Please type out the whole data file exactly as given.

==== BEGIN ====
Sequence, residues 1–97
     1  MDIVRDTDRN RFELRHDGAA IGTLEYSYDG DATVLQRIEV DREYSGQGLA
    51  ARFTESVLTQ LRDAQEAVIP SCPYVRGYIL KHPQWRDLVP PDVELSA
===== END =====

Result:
Sequence, residues 1–97
     1  MDIVRDTDRN RFELRHDGAA IGTLEYSYDG DATVLQRIEV DREYSGQGLA
    51  ARFTESVLTQ LRDAQEAVIP SCPYVRGYIL KHPQWRDLVP PDVELSA